About fifteen years ago, a US researcher carried out several experiments on the post-it. This little piece of colored paper can change the way our interlocutors perceive our message. Thus, it has a powerful psychological impact.

Serious psychological powers

The Post-it brand gave its name to a small self-adhesive sheet of paper removable to detach from a small block. Massively marketed in 1980 in the United States, it is often used to make little notes to yourself or to leave a message for someone else. Its main advantage is its ability to stick everywhere without damaging or dirtying the surfaces. Now, this seemingly insignificant little piece of paper would have serious psychological powers. Randy Garner, professor at Sam Houston University in Huntsville (United States), performed several experiments that were published in the Journal of Consumer Psychology in 2005.

As part of his first experience, he was looking for a way to persuade participants to return a questionnaire to him using his university’s internal messaging system. Composed of five pages, it was a rather painful document to fill out. The first group received the raw questionnaire (control group). For the second group, a message was described on the document asking the participant to fill it out. As for the third group, its members received the same questionnaire accompanied by a post-it with the same message. According to the results, 78% of participants in the “post-it” group returned the questionnaire, against 48% for the “written message” group and 36% for the one who received the raw questionnaire.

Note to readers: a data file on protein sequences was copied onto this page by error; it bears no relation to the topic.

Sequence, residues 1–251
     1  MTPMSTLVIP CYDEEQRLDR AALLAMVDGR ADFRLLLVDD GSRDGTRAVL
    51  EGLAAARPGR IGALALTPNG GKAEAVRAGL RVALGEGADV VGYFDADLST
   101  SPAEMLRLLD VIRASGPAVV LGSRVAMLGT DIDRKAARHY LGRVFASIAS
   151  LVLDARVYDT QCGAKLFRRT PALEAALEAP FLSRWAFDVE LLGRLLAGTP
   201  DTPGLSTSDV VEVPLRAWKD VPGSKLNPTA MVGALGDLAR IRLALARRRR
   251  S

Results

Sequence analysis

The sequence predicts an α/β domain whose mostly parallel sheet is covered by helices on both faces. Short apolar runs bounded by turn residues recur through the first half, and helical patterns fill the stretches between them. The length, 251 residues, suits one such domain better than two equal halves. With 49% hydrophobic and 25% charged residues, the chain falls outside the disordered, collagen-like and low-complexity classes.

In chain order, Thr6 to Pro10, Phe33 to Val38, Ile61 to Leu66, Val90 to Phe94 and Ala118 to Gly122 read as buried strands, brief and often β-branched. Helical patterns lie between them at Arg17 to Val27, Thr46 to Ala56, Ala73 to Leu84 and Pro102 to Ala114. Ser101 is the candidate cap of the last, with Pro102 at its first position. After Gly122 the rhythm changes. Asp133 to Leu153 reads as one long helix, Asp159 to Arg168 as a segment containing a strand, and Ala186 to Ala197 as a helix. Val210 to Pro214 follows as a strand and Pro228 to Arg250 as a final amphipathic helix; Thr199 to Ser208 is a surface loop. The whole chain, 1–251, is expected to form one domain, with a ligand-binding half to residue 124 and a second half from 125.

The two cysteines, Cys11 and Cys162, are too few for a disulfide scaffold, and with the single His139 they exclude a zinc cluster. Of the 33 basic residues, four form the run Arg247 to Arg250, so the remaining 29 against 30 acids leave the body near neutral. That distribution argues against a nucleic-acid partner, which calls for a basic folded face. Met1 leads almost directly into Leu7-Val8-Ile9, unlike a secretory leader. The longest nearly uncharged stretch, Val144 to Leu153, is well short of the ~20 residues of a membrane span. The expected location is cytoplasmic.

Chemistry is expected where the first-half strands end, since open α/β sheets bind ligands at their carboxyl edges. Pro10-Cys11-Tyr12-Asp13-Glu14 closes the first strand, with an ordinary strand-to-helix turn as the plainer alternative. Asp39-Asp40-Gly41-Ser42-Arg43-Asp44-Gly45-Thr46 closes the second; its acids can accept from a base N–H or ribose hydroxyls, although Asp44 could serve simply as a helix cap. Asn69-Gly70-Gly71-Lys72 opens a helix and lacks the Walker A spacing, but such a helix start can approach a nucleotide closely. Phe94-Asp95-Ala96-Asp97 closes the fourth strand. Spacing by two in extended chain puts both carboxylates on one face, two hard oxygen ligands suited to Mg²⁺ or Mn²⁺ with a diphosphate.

8064134850 9a39463163 c - the surprising ability of the "post-it" to persuade
Credit: Luigi Mengato / Flickr

Very meaningful experiences

For his second experiment, Randy Garner sent blank questionnaires to the first group and accompanied by a blank post-it to the second. The last group received a questionnaire with a post-it containing a message. The results are clear: 69% of members of the first group returned the questionnaire against 43% and 34% for the second and third groups. Randy Garner concluded that the post-it itself had an impact on behavior, not just the personalized note. A final experiment showed that the questionnaires containing a post-it were returned faster than the others. In addition, these included more comments, which proves that the participants took more time to answer the questions.

Kevin Hogan, a specialist in influence and persuasion techniques, spoke about the post-it in a Harvard Business Review publication on February 22, 2021. The expert claimed that this piece of paper brings together several powerful behavioral mechanisms. Let us quote his ability to contrast with the decor by occupying the space, giving an impression of disorder pushing our brain to want to get rid of it rather quickly. In addition, the post-it is personalized in many cases and most importantly, attracts attention. Finally, it implies a request or an exceptional type of request giving its recipient a sense of importance.